In the vast spectrum of death metal the class of music the band chooses to play the and with the influences the band has chosen the scope for variance reduces to quite an extent but with the album lasting only 30 minutes the album never becomes tedious. This and the fact that there are numerous tempo changes and solos dotted throughout also prevent boredom and sounding as if the band has run out of ideas. The clear production and the slightly muddy guitar tone aid the band well in its objective and adds the depth this kind of music needs. A bone that I’d like to pick with the band is its guitar solos. The few solos which are here sound rather similar and scattered all over the place and lack construction which is rather surprising because the band has the ability to write memorable solos when well constructed and thought of as seen on the track ‘King of the Desert (Malkum In Rex)’ and in their Morbid Carnage which in this modern day and age is one of the very few old school thrash metal bands that are worth hearing and do not sound like trash. Maybe the band wanted to keep things fast keeping in theme with the album and that may be the reason for such faulty scattered solos but I think they act as a hindrance to some good song writing. Despite this, the band knows its death metal and knows what audience it wants to target. Not being from a country that is known for death metal or a well known label may be the reasons the band does not garner as much attention it deserves, but for those into the old school of music this is a band to follow in the future and a death metal album that is surely worth hearing. This band may well be the finest extreme metal import from Hungary after Tormentor.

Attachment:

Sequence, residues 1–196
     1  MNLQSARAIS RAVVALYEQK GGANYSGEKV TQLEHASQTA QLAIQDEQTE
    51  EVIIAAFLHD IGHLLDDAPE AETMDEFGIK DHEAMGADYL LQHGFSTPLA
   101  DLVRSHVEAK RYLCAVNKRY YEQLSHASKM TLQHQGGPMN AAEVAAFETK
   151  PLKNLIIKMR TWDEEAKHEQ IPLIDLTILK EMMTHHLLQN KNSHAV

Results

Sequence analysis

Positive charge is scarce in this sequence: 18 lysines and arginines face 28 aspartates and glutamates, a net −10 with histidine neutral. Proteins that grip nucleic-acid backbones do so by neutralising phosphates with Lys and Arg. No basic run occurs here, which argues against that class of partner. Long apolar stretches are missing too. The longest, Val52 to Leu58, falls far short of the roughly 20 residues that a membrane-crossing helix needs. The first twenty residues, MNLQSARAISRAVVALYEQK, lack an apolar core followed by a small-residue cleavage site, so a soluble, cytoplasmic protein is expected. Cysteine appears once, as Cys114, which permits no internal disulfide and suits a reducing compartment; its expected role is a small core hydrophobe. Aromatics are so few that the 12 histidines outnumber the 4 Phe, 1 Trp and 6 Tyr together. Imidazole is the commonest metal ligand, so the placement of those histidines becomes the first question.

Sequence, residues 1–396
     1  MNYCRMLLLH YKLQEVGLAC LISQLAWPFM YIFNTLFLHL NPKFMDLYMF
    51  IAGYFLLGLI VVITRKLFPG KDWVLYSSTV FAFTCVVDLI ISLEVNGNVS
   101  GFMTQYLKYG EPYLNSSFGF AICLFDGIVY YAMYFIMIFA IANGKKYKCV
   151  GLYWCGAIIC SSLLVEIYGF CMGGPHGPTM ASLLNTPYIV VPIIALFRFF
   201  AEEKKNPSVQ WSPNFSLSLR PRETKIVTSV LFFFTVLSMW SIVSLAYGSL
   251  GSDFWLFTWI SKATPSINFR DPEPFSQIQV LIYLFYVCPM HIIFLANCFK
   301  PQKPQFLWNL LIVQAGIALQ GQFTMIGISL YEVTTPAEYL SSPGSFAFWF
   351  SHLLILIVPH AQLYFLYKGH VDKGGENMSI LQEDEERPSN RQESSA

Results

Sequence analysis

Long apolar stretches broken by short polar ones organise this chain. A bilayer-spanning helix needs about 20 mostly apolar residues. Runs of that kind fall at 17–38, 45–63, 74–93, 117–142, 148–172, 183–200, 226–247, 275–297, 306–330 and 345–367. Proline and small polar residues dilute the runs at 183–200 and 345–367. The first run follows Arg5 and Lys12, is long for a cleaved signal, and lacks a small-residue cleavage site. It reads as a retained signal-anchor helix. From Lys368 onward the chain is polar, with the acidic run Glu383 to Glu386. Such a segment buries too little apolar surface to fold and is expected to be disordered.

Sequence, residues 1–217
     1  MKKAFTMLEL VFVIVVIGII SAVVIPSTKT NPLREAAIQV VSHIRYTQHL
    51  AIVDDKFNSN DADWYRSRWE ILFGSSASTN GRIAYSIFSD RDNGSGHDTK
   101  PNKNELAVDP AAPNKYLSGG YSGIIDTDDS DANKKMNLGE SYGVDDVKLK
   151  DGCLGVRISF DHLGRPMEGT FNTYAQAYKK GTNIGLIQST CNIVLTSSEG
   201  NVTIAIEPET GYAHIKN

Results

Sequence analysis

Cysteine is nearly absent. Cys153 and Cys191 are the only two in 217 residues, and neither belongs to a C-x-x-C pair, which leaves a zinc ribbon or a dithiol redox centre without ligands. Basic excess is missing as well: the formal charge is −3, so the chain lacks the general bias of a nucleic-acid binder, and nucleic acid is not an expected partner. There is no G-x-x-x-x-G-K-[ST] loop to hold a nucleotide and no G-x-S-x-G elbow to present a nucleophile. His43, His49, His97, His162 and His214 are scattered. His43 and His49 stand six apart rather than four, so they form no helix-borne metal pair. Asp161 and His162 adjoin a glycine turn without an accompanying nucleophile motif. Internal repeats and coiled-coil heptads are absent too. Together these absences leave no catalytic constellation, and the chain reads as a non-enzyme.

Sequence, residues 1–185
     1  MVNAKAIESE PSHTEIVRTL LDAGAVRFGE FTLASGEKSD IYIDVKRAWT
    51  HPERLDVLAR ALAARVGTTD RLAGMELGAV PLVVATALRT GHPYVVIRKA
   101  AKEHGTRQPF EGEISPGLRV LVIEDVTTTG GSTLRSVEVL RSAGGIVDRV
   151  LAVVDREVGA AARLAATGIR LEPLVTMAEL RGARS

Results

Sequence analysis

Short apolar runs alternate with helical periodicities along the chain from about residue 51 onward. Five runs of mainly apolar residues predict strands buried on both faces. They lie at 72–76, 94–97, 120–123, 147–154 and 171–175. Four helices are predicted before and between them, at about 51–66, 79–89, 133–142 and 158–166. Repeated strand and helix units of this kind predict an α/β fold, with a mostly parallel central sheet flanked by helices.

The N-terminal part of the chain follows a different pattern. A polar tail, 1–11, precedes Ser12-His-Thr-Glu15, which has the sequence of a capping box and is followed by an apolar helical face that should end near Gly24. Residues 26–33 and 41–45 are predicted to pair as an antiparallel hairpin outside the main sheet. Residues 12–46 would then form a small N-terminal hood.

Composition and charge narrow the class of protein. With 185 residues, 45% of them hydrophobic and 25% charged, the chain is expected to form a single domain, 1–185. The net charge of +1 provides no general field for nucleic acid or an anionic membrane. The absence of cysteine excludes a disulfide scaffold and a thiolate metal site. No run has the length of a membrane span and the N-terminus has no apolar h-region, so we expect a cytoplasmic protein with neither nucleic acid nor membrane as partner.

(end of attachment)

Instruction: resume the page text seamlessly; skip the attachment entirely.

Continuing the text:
SCORE - 76/100